A casualty list may also contain other men of the unit who were killed/wounded on that date your soldier was. Researching these men may hold the key to what occurred if the war diary provides no detail. Local newspapers often record casualties and describe what happened to them, with extracts of letters either written by the soldier or sent to their next of kin appearing. There are different approaches to take in gathering the initial information depending on whether the soldiers were wounded or killed. If soldiers of the unit died on the date your soldier became a casualty, search their army number on the Commonwealth War Graves Commission website. There is usually biographical information giving the name and location of the next of kin.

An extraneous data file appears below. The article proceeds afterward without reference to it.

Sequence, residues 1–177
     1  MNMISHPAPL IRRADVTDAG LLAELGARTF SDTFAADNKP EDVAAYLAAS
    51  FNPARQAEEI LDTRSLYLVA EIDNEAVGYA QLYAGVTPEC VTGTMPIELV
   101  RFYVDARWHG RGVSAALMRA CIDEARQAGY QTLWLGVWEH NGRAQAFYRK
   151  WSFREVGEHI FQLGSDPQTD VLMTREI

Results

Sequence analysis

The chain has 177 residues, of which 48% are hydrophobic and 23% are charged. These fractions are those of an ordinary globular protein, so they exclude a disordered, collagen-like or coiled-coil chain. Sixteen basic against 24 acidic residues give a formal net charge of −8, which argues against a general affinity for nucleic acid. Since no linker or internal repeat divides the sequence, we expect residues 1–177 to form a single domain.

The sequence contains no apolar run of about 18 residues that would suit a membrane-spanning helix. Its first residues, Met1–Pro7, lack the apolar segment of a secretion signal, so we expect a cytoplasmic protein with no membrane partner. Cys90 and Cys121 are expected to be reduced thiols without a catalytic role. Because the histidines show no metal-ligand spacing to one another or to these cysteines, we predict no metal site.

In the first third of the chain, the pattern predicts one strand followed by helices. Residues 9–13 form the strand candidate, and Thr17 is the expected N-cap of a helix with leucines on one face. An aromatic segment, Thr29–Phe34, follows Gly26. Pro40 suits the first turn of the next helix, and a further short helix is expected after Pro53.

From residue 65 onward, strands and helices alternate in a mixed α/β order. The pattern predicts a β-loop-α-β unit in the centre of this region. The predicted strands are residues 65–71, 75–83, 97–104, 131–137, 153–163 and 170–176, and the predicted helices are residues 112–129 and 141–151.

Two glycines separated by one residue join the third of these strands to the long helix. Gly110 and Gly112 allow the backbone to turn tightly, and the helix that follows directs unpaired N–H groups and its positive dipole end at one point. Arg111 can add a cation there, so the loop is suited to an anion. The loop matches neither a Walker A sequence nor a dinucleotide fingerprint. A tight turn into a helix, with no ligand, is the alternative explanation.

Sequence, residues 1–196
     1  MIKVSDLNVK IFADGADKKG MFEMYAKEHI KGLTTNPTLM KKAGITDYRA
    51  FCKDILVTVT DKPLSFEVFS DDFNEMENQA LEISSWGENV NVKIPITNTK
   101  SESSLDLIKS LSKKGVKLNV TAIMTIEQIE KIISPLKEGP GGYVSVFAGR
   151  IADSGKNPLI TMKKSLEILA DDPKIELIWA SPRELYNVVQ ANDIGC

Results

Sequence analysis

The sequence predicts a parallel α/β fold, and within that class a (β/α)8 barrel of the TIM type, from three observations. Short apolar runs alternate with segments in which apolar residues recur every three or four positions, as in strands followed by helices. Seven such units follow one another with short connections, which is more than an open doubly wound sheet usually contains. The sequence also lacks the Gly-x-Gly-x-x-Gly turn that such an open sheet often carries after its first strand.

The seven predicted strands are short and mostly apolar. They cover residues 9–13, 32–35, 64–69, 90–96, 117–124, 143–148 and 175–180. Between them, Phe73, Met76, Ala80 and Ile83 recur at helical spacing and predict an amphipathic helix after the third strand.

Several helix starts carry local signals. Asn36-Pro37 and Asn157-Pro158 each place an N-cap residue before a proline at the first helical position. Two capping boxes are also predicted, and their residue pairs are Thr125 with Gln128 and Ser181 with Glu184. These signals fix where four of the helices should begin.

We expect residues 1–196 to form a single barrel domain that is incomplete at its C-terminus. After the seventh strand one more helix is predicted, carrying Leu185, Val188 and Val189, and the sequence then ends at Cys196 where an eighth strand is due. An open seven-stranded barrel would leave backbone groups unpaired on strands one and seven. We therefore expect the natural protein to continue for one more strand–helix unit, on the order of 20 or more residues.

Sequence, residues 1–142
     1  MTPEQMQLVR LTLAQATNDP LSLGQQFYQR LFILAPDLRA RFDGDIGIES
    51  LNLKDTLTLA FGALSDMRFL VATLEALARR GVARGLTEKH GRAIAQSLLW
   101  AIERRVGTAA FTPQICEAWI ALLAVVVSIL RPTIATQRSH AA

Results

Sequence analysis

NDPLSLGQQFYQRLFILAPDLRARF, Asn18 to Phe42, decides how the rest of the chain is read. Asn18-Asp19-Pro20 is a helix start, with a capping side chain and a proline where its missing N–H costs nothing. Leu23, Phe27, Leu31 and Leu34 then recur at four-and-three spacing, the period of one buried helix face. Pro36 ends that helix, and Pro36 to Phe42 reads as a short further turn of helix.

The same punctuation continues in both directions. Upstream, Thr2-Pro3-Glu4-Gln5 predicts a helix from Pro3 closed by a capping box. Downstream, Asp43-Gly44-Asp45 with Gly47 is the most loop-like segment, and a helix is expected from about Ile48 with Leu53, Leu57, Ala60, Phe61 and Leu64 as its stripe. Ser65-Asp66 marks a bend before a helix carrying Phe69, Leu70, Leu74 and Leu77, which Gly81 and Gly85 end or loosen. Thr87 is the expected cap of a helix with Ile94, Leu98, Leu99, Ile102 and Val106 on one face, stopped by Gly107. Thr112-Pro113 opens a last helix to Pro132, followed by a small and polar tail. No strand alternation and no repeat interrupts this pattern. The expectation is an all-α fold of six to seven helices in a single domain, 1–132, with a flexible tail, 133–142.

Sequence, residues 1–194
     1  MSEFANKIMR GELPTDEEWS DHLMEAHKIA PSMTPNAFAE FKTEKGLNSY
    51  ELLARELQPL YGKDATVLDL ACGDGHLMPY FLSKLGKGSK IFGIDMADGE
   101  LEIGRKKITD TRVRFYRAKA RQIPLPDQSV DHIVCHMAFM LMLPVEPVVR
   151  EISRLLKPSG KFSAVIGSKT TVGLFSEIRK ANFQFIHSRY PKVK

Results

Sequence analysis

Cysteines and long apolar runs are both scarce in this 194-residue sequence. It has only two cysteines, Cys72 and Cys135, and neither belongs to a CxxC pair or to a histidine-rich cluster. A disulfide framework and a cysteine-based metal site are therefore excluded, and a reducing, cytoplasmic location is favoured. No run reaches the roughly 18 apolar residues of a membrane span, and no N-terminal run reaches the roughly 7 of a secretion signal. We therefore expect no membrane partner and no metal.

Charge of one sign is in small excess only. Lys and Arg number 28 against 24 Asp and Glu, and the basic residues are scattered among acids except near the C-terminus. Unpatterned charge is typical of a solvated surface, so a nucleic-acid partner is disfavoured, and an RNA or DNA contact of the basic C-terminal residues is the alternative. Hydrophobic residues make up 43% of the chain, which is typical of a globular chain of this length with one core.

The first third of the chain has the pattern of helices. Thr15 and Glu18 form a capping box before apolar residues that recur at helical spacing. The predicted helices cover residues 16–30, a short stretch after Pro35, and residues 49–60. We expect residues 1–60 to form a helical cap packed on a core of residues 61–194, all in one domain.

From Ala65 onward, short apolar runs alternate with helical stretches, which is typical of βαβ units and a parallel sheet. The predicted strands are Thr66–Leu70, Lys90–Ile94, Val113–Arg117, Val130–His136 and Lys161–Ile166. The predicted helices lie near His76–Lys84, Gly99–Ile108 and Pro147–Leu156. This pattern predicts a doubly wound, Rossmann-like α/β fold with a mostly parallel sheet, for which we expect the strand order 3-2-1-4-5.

After you have a list of place names where the next of kin were living, search them on the British Library’s catalogue. On the left-hand side, under “Material Type” select newspapers. This will then give you a list of local newspapers to search. Some of these have been digitized but most will have to be ordered to the British Library. Those on microfilm can be ordered on the day but print copies take 48 hours to arrive. You will need a Reader’s Pass to access them. You probably won’t be able to find out next of kin information for those wounded, unless they have an unusual name in which case you can try to find them using the 1939 Register. However, if there are lots of wounded and they were serving with a Territorial Army unit, especially early in the war, check the local papers for its headquarters location. Territorial Army units recruited from specific areas pre-war and their casualties were often reported in the local papers. To find out whether a unit was part of the Territorial Army and where its headquarters was located, have a look at the May 1939 Army List on the National Library of Scotland’s website. Any soldier who has an army number starting with 14 initially joined the General Service Corps and they would have been very unlikely to have been sent to their local Territorial unit.